How to Get Your Clients to Write Their Own Quotes

“How much will it cost to have you make me a website?”

At some point in your career, you’ve probably been asked this. You were probably amused or insulted, thinking that here’s another prospect who just doesn’t understand what it is you do.

I want to show you why this isn’t a bad question – it’s flawed, but not bad. More importantly, we’ll see how to take this question, turn it around, and get your prospects to start writing their own project quotes.

The above question is flawed because, to many clients, what we do is dark magic. They don’t really know what they want, nor do they know how to phrase it, so blanket questions are their only option. And we make a mistake by scoffing at questions like this, instead of trying to get to the root and figure out what they’re trying to figure out: will I get a satisfactory return on investment with this person?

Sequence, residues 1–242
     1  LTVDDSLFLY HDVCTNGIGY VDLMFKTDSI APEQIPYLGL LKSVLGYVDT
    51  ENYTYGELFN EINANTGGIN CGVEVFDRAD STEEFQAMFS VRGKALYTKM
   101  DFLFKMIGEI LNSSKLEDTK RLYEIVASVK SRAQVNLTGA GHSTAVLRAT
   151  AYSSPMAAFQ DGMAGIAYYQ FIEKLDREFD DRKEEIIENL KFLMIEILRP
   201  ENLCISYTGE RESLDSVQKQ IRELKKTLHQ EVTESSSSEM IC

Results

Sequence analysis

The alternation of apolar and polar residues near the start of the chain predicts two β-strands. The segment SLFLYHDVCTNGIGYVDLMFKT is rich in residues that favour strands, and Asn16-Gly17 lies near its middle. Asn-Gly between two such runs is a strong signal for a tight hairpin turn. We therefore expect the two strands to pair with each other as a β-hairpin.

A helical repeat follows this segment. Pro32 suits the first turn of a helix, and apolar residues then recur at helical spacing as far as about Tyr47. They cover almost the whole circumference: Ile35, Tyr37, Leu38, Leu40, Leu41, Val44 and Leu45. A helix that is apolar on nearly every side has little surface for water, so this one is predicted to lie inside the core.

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I’ve seen tons of creatives who miss the simple fact that clients hire us to make more money than they spent on us. You can one-up the majority of your competition overnight by acting on this, and presenting yourself not only as a talented designer but as a trustworthy business partner.

After five years of thinking that people were buying my talent, I’ve put aside that thinking and adjusted how I confront client projects. The results? I’ve been closing more deals at higher prices than ever before. I’ve done this by having clients do the proposal writing for me.

1. Compile a list of everything a prospect thinks they need or want

From the start you need to start educating. Don’t just capture, start asking how vital each requirement is and what the business case is for it. Eliminate sparingly at this point, you’ll be cutting away the duds later.